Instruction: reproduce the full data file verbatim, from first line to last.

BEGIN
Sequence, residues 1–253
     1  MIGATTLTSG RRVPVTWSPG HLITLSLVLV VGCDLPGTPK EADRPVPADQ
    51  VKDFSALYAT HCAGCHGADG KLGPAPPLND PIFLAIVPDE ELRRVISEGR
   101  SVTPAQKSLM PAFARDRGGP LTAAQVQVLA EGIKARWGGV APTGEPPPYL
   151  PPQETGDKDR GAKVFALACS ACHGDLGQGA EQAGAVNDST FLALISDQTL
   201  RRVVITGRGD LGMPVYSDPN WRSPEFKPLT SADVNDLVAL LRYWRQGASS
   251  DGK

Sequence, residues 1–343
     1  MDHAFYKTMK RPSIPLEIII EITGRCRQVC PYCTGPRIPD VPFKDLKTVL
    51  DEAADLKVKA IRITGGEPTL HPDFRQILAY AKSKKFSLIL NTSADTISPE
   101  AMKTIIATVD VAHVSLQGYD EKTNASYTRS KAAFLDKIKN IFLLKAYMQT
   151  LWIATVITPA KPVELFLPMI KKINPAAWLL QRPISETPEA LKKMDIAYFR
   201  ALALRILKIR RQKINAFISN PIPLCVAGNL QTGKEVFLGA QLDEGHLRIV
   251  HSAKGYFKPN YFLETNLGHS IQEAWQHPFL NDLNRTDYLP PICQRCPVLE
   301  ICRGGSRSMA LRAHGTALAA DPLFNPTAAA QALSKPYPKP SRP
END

Sequence, residues 1–253
     1  MIGATTLTSG RRVPVTWSPG HLITLSLVLV VGCDLPGTPK EADRPVPADQ
    51  VKDFSALYAT HCAGCHGADG KLGPAPPLND PIFLAIVPDE ELRRVISEGR
   101  SVTPAQKSLM PAFARDRGGP LTAAQVQVLA EGIKARWGGV APTGEPPPYL
   151  PPQETGDKDR GAKVFALACS ACHGDLGQGA EQAGAVNDST FLALISDQTL
   201  RRVVITGRGD LGMPVYSDPN WRSPEFKPLT SADVNDLVAL LRYWRQGASS
   251  DGK

Sequence, residues 1–343
     1  MDHAFYKTMK RPSIPLEIII EITGRCRQVC PYCTGPRIPD VPFKDLKTVL
    51  DEAADLKVKA IRITGGEPTL HPDFRQILAY AKSKKFSLIL NTSADTISPE
   101  AMKTIIATVD VAHVSLQGYD EKTNASYTRS KAAFLDKIKN IFLLKAYMQT
   151  LWIATVITPA KPVELFLPMI KKINPAAWLL QRPISETPEA LKKMDIAYFR
   201  ALALRILKIR RQKINAFISN PIPLCVAGNL QTGKEVFLGA QLDEGHLRIV
   251  HSAKGYFKPN YFLETNLGHS IQEAWQHPFL NDLNRTDYLP PICQRCPVLE
   301  ICRGGSRSMA LRAHGTALAA DPLFNPTAAA QALSKPYPKP SRP